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Monday, November 22, 2010

More Sous Vide Cooking

I originally built my own equipment for controlling the inlet-air dampers on a smoker (a Big Green Egg [BGE]). This worked really well, and was very consistent in the smoking temperatures it provided. I sometimes still use it today, but generally now just forgo that approach, as on low-wind days I find the BGE is close enough without the extra controls.

Sometime back, I became aware of Sous Vide cooking via the book 'Cooking for Geeks'. Given my BBQ background and slow smoking BBQ, I grasped this was the approach I first came across via Harold McGee's book 'On Food and Cooking'. This was too big to pass up now that I was retired!

So I gave it a try. Rather then buying any of the expensive commercial Sous Vide equipment, or even any of the other DIY less-expensive approaches, I adapted my thermocouple controller, which had built to control my BGE, to control a hotplate where I placed a large iron Dutch Oven (Lodge) and filled 3/4 with water. My first attempt was cooking 2.5# of Brisket. It worked out great! But the Dutch Oven was a little small for the larger Briskets, so another approach was needed, and it was sort of kludgey using my controller in the kitchen.

When my wife wasn't looking, I grabbed her electric 'Roaster Oven', a 20 quart beast that operates on 110 AC household electricity. My wife had lost confidence in this roaster when her Turkey came out way-under-cooked one Thanksgiving, but I hadn't been ready to throw the roaster out yet. Fortunately we had tested the temperature of the turkey with an internal probe and found it very low, so we moved the turkey to our main oven to finish.

For the Roaster Test, I filled the roaster 3/4 full with water, then inserted a remote sensing temperature probe (Taylor's Gourmet Stainless Steel Thermometer with Probe from Target) into the water. Setting the temperature to 150 dF as indicated on the dial of the Roaster, I waited patiently for the temperature to come up to 150 dF. It never did. I checked the temperature with the Taylor probe, and it was low, really low, around 100 or so instead of 150. That pretty much explained the turkey fiasco of a previous year! The printed temperatures on the roaster were way, way off! Using the Taylor, I spent the next day finding the proper dial position to obtain 100, 150, 200, 250, 300, 350 and 400 degree placements and marked those with a Sharpie perm pen.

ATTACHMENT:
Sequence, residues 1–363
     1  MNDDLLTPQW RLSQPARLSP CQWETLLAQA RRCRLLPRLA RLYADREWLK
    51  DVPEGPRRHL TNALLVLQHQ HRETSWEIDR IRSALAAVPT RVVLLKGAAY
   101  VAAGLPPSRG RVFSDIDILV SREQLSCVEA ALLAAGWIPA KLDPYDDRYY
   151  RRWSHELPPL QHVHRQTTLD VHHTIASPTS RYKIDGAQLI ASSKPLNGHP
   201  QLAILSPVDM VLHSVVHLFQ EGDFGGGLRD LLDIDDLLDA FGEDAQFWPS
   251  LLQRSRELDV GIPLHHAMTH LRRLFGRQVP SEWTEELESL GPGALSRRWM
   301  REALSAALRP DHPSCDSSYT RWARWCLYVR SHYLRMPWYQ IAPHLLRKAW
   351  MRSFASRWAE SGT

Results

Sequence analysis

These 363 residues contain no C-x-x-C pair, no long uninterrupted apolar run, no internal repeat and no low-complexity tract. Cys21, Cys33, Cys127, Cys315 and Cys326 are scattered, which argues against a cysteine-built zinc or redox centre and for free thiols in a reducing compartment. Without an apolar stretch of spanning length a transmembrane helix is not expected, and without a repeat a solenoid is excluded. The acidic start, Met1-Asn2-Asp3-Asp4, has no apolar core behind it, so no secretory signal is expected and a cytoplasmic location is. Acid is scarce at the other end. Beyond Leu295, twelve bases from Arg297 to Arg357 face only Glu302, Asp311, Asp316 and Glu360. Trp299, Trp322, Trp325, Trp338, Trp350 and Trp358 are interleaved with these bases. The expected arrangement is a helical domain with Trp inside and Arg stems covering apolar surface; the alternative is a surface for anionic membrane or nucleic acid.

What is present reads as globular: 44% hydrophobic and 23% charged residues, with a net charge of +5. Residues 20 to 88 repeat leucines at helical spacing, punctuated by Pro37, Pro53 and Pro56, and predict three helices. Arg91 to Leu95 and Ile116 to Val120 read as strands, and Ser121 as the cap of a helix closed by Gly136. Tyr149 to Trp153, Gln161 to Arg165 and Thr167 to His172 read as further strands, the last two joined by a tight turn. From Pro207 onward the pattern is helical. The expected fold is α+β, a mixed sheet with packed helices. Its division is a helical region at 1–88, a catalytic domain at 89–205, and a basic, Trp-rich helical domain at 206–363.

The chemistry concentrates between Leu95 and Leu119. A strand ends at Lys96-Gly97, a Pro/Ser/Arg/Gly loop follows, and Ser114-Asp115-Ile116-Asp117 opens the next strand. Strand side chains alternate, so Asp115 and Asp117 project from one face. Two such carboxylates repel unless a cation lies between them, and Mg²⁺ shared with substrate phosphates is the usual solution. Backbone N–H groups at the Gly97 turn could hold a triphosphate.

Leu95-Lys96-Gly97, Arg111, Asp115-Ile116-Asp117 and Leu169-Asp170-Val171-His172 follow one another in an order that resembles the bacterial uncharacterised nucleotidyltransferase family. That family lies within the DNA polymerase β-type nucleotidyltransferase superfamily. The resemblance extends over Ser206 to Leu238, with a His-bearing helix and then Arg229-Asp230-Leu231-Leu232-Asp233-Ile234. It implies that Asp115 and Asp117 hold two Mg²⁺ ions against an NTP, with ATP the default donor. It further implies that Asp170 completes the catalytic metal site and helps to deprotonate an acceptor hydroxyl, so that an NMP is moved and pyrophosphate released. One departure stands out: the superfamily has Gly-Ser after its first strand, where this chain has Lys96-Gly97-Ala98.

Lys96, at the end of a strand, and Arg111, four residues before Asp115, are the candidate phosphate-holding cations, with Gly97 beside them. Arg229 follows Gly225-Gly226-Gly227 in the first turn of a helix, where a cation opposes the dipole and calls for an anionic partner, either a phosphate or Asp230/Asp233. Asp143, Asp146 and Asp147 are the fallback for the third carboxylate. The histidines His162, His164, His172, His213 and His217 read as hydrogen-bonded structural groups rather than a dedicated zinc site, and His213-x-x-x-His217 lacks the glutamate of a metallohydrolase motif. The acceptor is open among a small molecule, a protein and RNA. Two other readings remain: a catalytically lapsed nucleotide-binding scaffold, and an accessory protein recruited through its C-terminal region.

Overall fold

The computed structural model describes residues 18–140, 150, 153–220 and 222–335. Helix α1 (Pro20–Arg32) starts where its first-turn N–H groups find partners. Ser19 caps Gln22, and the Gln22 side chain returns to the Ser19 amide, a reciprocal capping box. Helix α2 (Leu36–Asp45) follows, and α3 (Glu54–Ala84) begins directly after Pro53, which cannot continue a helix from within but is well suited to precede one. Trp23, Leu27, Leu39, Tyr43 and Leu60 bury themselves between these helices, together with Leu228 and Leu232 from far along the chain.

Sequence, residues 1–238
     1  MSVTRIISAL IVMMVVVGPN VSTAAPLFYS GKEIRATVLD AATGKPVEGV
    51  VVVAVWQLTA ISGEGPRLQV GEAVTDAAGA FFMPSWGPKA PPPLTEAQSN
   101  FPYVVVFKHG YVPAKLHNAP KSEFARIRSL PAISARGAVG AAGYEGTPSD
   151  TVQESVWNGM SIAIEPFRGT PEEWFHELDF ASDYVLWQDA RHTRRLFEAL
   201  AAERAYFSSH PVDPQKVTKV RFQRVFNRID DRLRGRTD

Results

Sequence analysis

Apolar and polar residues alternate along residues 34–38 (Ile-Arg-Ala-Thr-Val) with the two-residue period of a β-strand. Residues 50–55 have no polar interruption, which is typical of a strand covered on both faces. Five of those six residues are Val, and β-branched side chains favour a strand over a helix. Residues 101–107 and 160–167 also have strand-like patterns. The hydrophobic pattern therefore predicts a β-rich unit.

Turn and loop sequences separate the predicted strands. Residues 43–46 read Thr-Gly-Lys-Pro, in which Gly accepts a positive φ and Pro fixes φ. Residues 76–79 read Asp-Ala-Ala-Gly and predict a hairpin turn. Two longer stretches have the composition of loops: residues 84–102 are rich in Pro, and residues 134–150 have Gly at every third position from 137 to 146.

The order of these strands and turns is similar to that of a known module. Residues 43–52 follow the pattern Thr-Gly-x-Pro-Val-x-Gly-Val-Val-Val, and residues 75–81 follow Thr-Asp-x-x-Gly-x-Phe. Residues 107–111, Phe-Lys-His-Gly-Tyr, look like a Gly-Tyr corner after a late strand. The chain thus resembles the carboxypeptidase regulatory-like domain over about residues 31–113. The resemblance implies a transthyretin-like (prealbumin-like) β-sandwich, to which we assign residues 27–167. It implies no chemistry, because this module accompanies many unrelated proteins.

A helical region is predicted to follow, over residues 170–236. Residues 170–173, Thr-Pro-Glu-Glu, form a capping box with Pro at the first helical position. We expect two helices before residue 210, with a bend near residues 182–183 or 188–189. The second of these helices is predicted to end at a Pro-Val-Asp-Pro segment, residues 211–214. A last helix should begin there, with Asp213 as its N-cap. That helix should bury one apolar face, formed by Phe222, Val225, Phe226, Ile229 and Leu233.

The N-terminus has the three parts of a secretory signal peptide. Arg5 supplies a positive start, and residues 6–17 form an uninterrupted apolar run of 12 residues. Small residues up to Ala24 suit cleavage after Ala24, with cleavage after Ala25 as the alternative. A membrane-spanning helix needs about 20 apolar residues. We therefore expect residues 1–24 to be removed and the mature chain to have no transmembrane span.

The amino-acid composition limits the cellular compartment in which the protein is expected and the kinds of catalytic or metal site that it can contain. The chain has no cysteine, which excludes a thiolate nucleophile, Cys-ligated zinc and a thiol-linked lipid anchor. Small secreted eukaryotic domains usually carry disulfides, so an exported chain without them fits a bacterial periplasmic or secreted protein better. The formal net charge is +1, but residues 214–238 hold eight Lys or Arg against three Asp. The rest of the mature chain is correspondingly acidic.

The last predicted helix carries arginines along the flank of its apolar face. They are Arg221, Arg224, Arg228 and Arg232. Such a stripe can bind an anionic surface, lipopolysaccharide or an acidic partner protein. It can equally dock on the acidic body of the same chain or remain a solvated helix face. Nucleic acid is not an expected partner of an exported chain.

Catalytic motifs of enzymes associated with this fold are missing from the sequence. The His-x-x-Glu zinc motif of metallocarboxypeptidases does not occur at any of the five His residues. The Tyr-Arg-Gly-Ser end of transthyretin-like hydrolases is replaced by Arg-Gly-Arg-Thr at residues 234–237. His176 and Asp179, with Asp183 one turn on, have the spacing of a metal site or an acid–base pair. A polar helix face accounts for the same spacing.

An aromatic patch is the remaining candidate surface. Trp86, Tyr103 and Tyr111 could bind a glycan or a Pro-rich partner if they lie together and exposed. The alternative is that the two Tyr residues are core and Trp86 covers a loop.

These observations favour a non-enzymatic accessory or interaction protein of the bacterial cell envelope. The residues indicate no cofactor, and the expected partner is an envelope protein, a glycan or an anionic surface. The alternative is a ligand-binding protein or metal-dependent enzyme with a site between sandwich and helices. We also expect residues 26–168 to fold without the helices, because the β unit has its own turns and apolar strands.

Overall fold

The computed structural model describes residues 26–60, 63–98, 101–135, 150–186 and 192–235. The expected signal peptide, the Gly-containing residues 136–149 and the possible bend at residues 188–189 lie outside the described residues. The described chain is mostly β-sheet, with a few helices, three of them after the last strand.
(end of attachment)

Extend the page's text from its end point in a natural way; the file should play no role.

I tested the markings for 2 days - they held consistent, so while the markings were way off, the Roaster's thermostat was capable of holding a temperature +/- 1 dF, which for me was more then adequate for doing slow cooking of Brisket.

So using my new markings along with the Taylor to monitor, I set a temperature of 142 dF for a new trial run of Brisket Sous Vide. I refilled the Roaster 3/4 full of water (about 4 gallons), and brought it up to temperature over a couple of hours to ensure it stayed there.

Meanwhile, I browned both sides of a 5# Brisket in an large iron skillet. It was too big to place into a single 1 Gallon Ziplock storage bag, so I sliced it into 2 equal portions, cutting with the grain, and inserted each half into a seperate Ziplock, then carefully submerged while leaving a vent for air to escape. This is important, as you don't want any air pockets to separate the Brisket from the surrounding water bath, as then it won't cook evenly. When the water level came up to the Ziplock opening, I sealed off the Ziplock, and let it sink to the bottom of the Roaster.

On one Bricket, I placed a whole bottle of A-1 brand meat marinade; on the other Brisket, I left it unchanged. Both were then closed off and placed into the water bath.

BTW - the Ziplock company has stated (per Cooking for Geeks) that their bags are good up to 170 dF, although they don't recommend using them.

That was yesterday evening. I've checked every couple of hours or so, and the temperature is holding constant between 141 and 143 dF.

Tomorrow night will be the test! That will be 48 hours at ~142 dF Brisket!

Sous Vide Cooking - Harold McGee

Smoking BBQ is all about slow cooking.

When first researching how to make BBQ (pre Internet days), information was hard to come by (hard to believe now, right!). However, persistence paid off when I came across Harold McGee's book 'On Food and Cooking'. This book, which is still quoted today and more-than worth the buy, gave detailed information about how collagen (the tough proteins that makes cheap cuts of meat tough)breaks down with heat. He went on to describe cooking meat at a low temperature, and all the benefits realized from this approach. Since meat can never exceed the temperature of the cooking environment, providing a cooking environment that does not exceed 145 deg F will, given enough time, provide meat at 145 deg F.

This is the basis of Sous Vide cooking! Brought to you by Harold McGee's book in 1984! I note that the French chef was credited with this approach in the 1970's, but McGee's book was my personal beginning on slow cooking.